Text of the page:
The LaHave River mooring experience
A fixed mooring relies on three design criteria to hold your vessel in place during storm force winds and high waves; a massive block, suction to hold the block in the river bottom mud and shock strain relief. Unlike temporary anchors, the scope for a permanent mooring should be close to three times the depth at high tide to avoid large vessel swing. The size of the components are chosen to account for wear and shock strain, more than raw strength. The bottom chain weight provides shock relief when the vessel is pounding in high surf during storm wave action and the boat weather vaning. Some skippers may also use a shock relief system in the pendant.
The most common mooring practice at LRYC is to place one or two concrete mooring blocks, with an embedded steel loop or through hole for the ground chain. Larger vessels should consult with the Dock Master or Rear Commodore regarding block size. Good quality galvanized hardware and chain is recommended. Stainless steel corrodes quickly in low oxygen bottom mud. The ground chain is shackled to the mooring block and to the downline at the other end. A swivel is inserted at the intersection of the downline and the ground chain. The goal is to keep the hardware in the oxygen deprived bottom mud most of the time, which greatly reduces corrosion. Corrosion is most often discovered at the end of the ground chain, at the shackle/swivel, and is caused by the buoy lifting the ground chain off the bottom. The downline should be a bit longer than high tide depth to avoid lifting the ground chain when the boat is not on the mooring. A smaller second concrete block may also be chained 10 ft or less from the large block. The ground chain then continues from the smaller block. This system provides even more shock relief when the smaller block is lifted during storm force winds and waves.
To aid divers in recovery of missing moorings, consider attaching a buoy to the block that would float about three feet off the bottom, or even some lengths of floating line at intervals on the chain to assist in finding the tackle when it's covered in mud. It's quite deep in places in our field and some blocks and chain sink well out of sight even when you are right above them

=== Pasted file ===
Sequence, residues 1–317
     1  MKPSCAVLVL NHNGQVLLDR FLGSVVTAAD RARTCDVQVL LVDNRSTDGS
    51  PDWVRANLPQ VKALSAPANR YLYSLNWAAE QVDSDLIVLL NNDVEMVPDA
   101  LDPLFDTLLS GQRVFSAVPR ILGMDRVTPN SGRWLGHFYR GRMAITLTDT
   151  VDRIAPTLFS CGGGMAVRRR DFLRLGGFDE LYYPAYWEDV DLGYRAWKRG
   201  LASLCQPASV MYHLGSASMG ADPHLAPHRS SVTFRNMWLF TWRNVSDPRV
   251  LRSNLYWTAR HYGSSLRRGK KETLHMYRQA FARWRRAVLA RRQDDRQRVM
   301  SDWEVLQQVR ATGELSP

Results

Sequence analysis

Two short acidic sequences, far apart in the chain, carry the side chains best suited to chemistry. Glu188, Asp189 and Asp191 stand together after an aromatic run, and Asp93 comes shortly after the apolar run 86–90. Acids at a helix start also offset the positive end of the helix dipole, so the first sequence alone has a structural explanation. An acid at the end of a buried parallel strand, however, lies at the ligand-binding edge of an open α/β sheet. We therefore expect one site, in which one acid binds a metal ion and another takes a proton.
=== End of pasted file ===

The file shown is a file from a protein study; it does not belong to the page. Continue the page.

If the existing tackle is too long, the best method is to shorten the ground chain. Simply move the downline shackle from the end along the ground chain towards the mooring block. The extra chain can be shackled back along the ground chain to add additional shock lifting weight. When maintenance is required the other components can be adjusted and the overall length and scope maintained.
Expect a large amount of marine growth on the first few feet of your mooring tackle. Some skippers find a coat of leftover bottom paint on these surfaces greatly reduces the mass of growth.
It is common practice to leave the pendant attached to the mooring ball.
Nylon pendants will sink, whereas polysteel line will float. A double pendant is called a bridle. It is recommended that the second pendant be spliced in a foot or so from the buoy. This method avoids twisting and chafing of the line near the thimble, a common failure point. Pendants should be sized to fit through the bow chocks. Pendants must be marked with a small buoy, or a few in-line net buoys, to mark the bitter end for passing boaters.